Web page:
Guest Author - Teresa Shaw
Poinsettias' bright and cheerful color are a common sight in holiday decorations and displays. The most common color is the vibrant red, but poinsettias are available in an array of colors, including pink, white, marbled, speckled, and yellow. The colorful parts of the poinsettia -- called the bracts -- are modified leaves. The actual poinsettia flower is small, green or yellow, and is positioned in the middle of the bracts.
Native to Mexico, poinsettias were called "cuetlaxochitl" by the Aztecs, who enjoyed the showy beauty the plants provided during the short winter days. We may think of poinsettias as small, indoor plants, but in their native habitat the woody shrubs can grow up to 10 feet tall. The Aztecs used poinsettias' colorful bracts to make dye, and the milky sap to treat fevers.
Choosing a Plant
When choosing a plant, look for poinsettias with brightly colored bracts and tight yellow flower clusters in the middle. If you see dusty yellow pollen, it means the flowers have opened and the plant won't last as long as a plant with unopened flowers. You should avoid plants that show any signs of wilting, dried leaf margins or soggy soil.
In addition, avoid plants that have too much green around the bract edges -- this shows that the plant was shipped before it reached full maturity. Select a plant with dense and plentiful green foliage that reaches all the way to the soil line. As with most plants, rich green leaves signify a healthy plant.
Caring for the Plant
Remove the plastic sleeve and other wrappings as soon as possible, and place the plant on a waterproof saucer. Poinsettias enjoy bright indirect or diffused light, and should receive at least 6 hours per day. Avoid placing plants in cold, drafty areas or near heat sources.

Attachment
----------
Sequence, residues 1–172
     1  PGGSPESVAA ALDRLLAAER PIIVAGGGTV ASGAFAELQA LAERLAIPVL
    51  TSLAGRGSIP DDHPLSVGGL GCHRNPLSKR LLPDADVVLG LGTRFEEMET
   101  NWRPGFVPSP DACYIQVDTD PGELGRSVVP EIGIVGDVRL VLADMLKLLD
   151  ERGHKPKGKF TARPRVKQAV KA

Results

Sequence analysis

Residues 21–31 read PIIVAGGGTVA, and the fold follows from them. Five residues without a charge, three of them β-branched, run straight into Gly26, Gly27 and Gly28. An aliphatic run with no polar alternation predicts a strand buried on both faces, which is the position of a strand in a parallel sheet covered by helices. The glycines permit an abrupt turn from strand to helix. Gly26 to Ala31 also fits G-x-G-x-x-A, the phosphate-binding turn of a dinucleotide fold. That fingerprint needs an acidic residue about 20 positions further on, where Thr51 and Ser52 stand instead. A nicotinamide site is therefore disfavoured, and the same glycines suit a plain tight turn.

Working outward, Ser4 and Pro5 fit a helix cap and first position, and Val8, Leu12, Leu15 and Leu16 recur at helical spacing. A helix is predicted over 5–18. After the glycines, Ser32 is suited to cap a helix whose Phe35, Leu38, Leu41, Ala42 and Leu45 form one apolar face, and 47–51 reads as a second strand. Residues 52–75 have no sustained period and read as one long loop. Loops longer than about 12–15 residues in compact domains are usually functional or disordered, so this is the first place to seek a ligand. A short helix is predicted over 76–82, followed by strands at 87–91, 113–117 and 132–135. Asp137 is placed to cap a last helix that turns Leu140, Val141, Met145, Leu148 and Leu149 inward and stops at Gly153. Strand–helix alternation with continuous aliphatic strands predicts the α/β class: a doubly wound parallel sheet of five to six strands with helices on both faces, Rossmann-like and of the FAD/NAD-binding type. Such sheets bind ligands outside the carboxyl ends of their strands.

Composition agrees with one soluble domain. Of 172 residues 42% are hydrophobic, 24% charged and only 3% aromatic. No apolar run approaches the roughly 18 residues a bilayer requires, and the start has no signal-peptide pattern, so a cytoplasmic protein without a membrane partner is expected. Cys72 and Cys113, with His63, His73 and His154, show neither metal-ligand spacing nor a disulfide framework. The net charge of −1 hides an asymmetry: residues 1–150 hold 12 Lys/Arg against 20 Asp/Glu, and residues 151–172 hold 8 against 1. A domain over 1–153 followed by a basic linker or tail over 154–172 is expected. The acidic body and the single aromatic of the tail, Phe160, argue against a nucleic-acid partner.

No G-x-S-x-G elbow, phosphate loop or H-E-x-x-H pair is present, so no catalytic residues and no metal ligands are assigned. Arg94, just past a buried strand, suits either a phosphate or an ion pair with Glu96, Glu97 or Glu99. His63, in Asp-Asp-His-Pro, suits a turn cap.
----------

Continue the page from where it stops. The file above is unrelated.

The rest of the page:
Water your plant when the soil feels dry to the touch; however, avoid over watering or letting the soil dry completely.
Poisonous or Not?
Poinsettias are not intended for human or animal consumption, and certain individuals may experience an allergic reaction to the plants. However, recent studies show the risk to be minimal. According to the National Capital Poison Center, "In most cases, exposure to poinsettia plants will cause little reaction. Ingestion by small children may cause skin or mouth irritation, nausea, vomiting or diarrhea."
In reference to pets, the ASPCA concurs with this statement. Common sense should be used with poinsettias, as with any house plant, and keep plants away from small children and pets. It is important to note that the milky sap of poinsettias can cause a skin rash and an upset stomach if ingested; avoid handling plants more than necessary, and be sure to wash any sap off of your skin.
Did you know ... December 12 is National Poinsettia Day? The date marks the death of Joel Roberts Poinsett, the man who is credited with introducing this native Mexican plant to United States consumers.